Sunday, 1 February 2015

Michelin Starred Dim Sum - Tim Ho Wan

After arriving in Hong Kong the previous day, our first full day was the Sunday, which we spent getting acquainted with our new city, and even doing a dry run for FMUS so he knew were to go for his first day of induction on the Monday.  From Olympic City to Elements Shopping Centre, it seemed that Hong Kong was nothing but shopping centres! We also wandered along the Avenue of the Stars in Tsim Sha Tsui, just us and a few thousand of our closest friends, before catching the MTR back across to Hong Kong Island and more shopping centres.  By mid-afternoon we were both pretty tired of walking but the very important task of deciding where to go for dinner still had to be completed.  

After spending the afternoon strolling past shop after shop of luxury brands, we were ready to explore one of Hong Kong's more famous cheap eats.  FMUS declared the place to try would be Tim Ho Wan in North Point.  This particular branch of Tim Ho Wan has been awarded a Michelin star in this year's Guide, along with its Sham Sui Po and Tai Kwok Sui locations.  Finding it was an adventure in itself, we hailed a cab and tried to explain to the driver where we wanted to go, and thanks to a taxi app (which converts addresses to Cantonese), were finally deposited just down the street from a nondescript looking strip of shops in North Point (with a very out of place Ferrari parked across the street...). We weren't sure if we were even in the right location as we don't speak Cantonese (yet) and couldn't read the sign!  If it wasn't for the little red Michelin sign we may have walked on by. 

Dim sum roughly translates to "to touch your heart" (point to your heart), and is extremely popular in Hong Kong.  Tim Ho Wan has a reputation of being so busy that you take a number and have to wait sometimes over an hour for your number to be called before squeezing into a table, elbow to elbow with other diners, shoving the deliciousness down your throat and moving on so others can enjoy the experience.  Not as much heart touching as trying not to jostle your fellow diners as you rush to grab your table.  On the night we went, however, there were plenty of empty tables and we had lots of space between us and our nearest neighbour.

We were seated by the window and shortly afterwards were presented with some hot jasmine tea. One thing that I am loving about dim sum is the accompanying tea - even FMUS has been enjoying it!  We spent a short amount of time perusing the menu, and quickly figured out that we needed to choose our items on the little check box menu, however we did feel a little out of our depth as no-one seemed to speak English, and we didn't know if what we following the right protocols! Fortunately the waitress came over and it seemed we were correct in how we had gone about ordering - phew!

While Tim Ho Wan is famous for its pork buns (baked bun with BBQ - char sui bao), FMUS is not a huge fan of the old pork bun and I didn't really feel like it, so we went for the dumplings.  One dish I did want to try was the vermicilli roll with pork, which came out first.  These rolls were lovely and light, with a slightly sweet sauce that was delicious.  It was a shame we were served with 3 - we had to divide the last one otherwise it would ave been chopsticks at 12 paces!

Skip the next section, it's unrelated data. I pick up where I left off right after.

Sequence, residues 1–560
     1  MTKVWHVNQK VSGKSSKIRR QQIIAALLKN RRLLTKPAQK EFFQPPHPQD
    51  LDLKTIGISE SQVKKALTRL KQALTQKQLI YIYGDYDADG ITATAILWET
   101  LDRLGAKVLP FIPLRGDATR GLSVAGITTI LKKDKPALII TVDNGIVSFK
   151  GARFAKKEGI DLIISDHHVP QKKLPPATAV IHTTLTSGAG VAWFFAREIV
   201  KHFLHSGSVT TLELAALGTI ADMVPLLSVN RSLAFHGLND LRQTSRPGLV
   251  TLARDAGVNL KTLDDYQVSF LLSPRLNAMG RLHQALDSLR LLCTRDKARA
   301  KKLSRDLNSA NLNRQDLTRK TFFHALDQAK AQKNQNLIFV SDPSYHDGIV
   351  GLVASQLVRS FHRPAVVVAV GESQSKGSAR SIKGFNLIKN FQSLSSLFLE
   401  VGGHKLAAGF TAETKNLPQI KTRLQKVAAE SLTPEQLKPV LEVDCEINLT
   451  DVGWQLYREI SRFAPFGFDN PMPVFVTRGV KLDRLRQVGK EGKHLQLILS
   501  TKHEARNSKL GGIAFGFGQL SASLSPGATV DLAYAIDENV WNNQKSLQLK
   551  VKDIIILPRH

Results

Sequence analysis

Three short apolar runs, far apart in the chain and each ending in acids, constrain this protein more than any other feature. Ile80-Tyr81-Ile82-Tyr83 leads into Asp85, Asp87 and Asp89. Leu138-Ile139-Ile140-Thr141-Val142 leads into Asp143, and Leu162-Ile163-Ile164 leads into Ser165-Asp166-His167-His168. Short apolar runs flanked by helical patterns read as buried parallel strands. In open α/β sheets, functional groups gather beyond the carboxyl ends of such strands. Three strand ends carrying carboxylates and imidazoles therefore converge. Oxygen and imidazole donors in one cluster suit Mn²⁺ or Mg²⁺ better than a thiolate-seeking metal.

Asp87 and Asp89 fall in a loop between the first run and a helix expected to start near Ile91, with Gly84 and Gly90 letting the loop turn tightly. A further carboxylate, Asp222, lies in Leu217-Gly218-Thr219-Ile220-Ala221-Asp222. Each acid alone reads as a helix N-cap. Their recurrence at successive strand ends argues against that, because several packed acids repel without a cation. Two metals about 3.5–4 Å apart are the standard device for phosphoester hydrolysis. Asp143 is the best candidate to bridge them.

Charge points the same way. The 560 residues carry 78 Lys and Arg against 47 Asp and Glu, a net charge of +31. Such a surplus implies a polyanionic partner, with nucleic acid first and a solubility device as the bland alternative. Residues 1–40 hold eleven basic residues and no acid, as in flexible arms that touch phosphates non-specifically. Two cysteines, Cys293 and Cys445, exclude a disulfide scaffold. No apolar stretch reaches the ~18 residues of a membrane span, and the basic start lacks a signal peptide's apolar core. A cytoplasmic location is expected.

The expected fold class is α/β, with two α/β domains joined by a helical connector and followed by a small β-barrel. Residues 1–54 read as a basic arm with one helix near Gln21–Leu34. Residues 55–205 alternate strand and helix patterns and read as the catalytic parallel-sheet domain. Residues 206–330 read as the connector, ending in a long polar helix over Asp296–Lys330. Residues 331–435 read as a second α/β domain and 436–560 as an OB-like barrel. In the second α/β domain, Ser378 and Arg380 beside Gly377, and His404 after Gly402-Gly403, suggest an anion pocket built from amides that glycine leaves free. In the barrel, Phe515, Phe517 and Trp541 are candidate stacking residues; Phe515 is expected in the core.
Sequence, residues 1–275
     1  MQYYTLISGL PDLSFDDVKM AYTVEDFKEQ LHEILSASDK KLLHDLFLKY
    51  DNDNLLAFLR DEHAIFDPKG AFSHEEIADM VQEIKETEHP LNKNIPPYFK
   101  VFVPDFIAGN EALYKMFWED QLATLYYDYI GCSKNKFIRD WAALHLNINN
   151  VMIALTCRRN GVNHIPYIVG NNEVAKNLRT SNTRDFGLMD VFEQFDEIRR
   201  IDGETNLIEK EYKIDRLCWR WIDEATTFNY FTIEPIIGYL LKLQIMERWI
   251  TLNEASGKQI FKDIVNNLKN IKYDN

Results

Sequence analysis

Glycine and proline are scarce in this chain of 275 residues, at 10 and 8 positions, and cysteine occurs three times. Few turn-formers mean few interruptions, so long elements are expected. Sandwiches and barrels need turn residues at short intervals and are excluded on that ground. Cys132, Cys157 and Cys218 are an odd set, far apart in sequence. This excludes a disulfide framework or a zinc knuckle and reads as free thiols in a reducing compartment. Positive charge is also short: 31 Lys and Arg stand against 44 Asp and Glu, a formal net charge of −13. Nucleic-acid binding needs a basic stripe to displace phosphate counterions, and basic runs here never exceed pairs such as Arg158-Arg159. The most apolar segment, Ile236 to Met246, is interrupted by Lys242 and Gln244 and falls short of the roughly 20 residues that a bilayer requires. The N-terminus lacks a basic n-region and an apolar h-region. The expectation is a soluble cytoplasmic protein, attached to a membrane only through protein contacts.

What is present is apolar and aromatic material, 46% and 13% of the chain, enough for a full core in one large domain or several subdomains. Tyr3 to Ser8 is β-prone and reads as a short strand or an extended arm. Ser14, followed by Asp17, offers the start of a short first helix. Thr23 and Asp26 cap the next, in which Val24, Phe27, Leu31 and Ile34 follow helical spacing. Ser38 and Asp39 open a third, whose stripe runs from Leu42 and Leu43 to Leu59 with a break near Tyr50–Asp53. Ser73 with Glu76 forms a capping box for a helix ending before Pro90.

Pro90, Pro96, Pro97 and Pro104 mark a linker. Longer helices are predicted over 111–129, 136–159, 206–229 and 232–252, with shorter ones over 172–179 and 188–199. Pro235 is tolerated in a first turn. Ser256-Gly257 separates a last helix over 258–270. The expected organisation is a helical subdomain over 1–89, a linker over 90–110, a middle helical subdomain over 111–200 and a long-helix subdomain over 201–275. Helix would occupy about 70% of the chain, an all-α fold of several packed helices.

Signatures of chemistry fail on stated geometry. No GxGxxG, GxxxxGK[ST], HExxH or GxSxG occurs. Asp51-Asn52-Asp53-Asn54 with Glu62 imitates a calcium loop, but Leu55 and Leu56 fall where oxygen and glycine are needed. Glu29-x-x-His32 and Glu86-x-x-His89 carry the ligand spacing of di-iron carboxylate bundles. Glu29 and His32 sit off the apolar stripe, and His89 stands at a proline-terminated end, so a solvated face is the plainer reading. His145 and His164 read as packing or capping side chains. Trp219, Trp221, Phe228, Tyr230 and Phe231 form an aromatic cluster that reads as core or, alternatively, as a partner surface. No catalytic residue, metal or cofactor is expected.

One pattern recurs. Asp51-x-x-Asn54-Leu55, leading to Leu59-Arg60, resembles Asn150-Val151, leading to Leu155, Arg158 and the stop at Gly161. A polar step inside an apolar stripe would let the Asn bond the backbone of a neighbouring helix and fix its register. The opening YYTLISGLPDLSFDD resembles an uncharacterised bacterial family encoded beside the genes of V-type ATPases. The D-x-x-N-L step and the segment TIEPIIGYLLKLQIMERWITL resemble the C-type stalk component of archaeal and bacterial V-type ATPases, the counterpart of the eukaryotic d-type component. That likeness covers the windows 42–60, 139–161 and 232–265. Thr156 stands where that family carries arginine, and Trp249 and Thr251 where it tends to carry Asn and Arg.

Shortly after the rolls were consumed, we were presented with a large pile of steamer baskets. These were the dumplings which FMUS had waited for.  We had ordered the shrimp dumplings, the pork dumplings with shrimp, steamed dumplings in chiu chow style (because I was curious as to what this would taste like) and finally some vegetable and shrimp steamed dumplings.  The pork with shrimp were presented like little yellow nests of goodness, and were light and tasty.  The rest of the dumplings were similar in the gelatinous, sticky pastry in which they were presented.  The shrimp dumplings were FMUS' favourite, full of shrimpy goodness with a little extra spices added for that boost of flavour.  

The chiu chow style dumplings were interesting, at first we couldn't quite figure out whether they were the vegetable ones or not but they had a really interesting flavour which would be my favourite of the night.  Of course all had to be dipped in the sauces, and I had added a little of the chilli sauce to my plate which I think added to the flavour of all of the dumplings.  

Being the carnivore that he is, FMUS struggled with the vegetable and shrimp dumplings, while I was happy to finish them off for him.  I would say that, while I thought these were also good, I would probably not order them again if we were to go back.  I most certainly would try the char sui bao next time, being the speciality dish and all.

Overall we thought the dumplings were good but were they worthy of a Michelin star?  Given we didn't try the char sui bao we probably need to reserve our judgement for another day, but I must admit that once we went to Din Tai Fung the following night (post to follow), its going to be hard to want to go back to Tim Ho Wan when there is a Din Tai Fung so easy to get to in Causeway Bay! But never one for queuing for a long time, if I had to wait for 2 hours to get a table at Tim Ho Wan, I probably wouldn't bother, even for the cheapest Michelin starred restaurant around. 

The obligatory tea was provided when we sat down
The vermicilli rolls were hard to eat and even harder to put on our plates - they just kept breaking apart! 
Love the pork and prawn combination 
Thats a high stack of dumpling goodness!
The dumpling casing was sticky but once we ate them, yum!
Im sure if we could read these clippings, we'd be awfully impressed
The cheapest Michelin Starred restaurant in the world
It was quiet on the night we visited and it's hard to imagine two hour waits to get inside!

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